I have an automotive-type Hall sensor that is slowly failing and want to squeeze a bit more life out of it, since it's costly and not readily available. Not a critical part.
The sensor I assume is a Hall transistor-type arrangement - it takes 12V supply, a 6V pulled-up signal line and ground. On detection, it pulls the 6V to ground. I've measured the short-circuit current on the signal line to be 20mA.
The "computer" on the other side reads the low signal and can work with a bit of headroom, but I assume it needs to be down to at least 2-3V in order for the signal to register reliably.
I want to design a very simple circuit that raises the input impedance on the sensor side and provides a low impedance (>20mA) on the "computer" side. That is, the circuit should provide a 6V (Vcc/2) signal line with about 10k of impedance, and when that voltage falls below 5V (~Vcc/2.5) it should drive the output side low as well. Inverted should also be fine, as far as I can tell.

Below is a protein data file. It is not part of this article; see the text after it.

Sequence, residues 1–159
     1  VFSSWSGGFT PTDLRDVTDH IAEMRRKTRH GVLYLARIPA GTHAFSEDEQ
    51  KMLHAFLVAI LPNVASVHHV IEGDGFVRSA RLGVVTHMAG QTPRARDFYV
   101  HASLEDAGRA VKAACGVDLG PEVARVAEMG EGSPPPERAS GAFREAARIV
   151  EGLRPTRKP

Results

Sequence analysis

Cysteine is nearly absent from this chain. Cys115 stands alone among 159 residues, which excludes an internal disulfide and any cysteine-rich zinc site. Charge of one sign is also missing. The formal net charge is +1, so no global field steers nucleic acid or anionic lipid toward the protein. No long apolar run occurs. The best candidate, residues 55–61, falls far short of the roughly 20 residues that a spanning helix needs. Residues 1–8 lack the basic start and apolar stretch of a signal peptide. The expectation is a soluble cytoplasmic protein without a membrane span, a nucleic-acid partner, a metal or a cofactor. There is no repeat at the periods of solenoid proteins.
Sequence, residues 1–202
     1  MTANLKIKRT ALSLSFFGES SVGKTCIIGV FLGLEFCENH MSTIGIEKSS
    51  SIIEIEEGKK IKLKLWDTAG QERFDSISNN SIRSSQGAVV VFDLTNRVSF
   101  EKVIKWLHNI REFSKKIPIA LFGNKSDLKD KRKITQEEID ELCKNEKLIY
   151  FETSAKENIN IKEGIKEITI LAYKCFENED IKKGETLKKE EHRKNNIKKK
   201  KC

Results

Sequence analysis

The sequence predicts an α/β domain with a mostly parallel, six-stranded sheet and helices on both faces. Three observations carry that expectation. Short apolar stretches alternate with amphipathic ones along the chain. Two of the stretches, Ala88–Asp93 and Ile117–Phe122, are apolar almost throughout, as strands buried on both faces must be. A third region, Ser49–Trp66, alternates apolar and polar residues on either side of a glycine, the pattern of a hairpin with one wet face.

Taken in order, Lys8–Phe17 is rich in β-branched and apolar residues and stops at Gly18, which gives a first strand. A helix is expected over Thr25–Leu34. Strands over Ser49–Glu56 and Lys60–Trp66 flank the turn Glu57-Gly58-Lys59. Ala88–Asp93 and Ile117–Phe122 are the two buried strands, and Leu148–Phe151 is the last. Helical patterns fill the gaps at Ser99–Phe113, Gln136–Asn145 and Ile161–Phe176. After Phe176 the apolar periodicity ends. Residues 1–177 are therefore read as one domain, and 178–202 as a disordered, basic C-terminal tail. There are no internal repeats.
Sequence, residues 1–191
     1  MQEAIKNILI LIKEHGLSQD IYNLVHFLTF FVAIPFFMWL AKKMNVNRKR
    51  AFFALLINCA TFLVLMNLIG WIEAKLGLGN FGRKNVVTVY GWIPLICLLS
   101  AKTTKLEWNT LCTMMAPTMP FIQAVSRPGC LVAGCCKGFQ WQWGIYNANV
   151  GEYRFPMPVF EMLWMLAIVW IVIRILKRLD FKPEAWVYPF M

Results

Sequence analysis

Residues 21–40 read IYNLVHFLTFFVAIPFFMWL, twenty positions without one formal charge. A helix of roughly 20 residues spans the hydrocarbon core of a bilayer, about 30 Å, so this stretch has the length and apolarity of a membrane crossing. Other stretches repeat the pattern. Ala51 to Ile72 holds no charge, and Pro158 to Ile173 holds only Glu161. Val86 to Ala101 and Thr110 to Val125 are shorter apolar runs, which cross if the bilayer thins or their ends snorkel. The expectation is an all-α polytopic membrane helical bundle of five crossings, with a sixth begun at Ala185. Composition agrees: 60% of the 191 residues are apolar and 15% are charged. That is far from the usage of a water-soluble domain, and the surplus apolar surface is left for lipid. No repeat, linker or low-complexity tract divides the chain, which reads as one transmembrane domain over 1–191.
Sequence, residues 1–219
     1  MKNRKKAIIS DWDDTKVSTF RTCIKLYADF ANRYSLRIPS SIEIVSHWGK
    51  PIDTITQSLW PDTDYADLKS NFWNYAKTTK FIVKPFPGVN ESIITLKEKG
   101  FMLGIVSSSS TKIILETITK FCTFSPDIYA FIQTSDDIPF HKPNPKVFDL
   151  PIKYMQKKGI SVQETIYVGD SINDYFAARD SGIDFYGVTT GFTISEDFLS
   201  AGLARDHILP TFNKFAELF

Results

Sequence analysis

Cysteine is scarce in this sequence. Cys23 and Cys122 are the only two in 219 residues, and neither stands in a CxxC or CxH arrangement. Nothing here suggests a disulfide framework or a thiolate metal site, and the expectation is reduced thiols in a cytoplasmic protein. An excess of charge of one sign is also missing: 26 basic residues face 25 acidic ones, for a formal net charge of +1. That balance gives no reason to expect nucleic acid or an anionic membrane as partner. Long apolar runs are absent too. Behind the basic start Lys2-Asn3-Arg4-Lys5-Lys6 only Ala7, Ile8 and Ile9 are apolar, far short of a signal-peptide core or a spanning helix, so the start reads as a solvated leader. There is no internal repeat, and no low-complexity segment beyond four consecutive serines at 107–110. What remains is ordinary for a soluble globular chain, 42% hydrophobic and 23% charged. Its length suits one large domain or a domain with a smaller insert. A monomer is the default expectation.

I already had an LM324 window comparator built before I knew how the circuit actually behaves. However I don't like the fact that it feeds 12V on the signal line, computer side. I could add a diode to allow only pull-down, or set the Vcc to 6V for the LM324, but the component count is already high. Also three gates are unused.
I could try a 2N222 common-emitter circuit but from my calculation it seems that the gain is too low. Maybe a Darlington would work?
The last idea, which I would like to avoid, is to just use an ATTiny85 board (have a few of those), reading the ADC through a large resistor, pulling the output line low if it goes below a threshold. This is a minimal part solution since it already has a regulator in place and would only need a diode on the output and a resistor (>25k) on the input. Edit: won't work, the ATTiny will see 6-7V on its output pin.
Edit: I've measured that the sensor can source 4mA to ground, assume it also sinks around that value. Likely the computer can work with 5-10mA (since it works sporadically), but targeting 20mA just to be safe. It needs a pullup. Can't seem to shake the feeling that this sounds like DTL / TTL.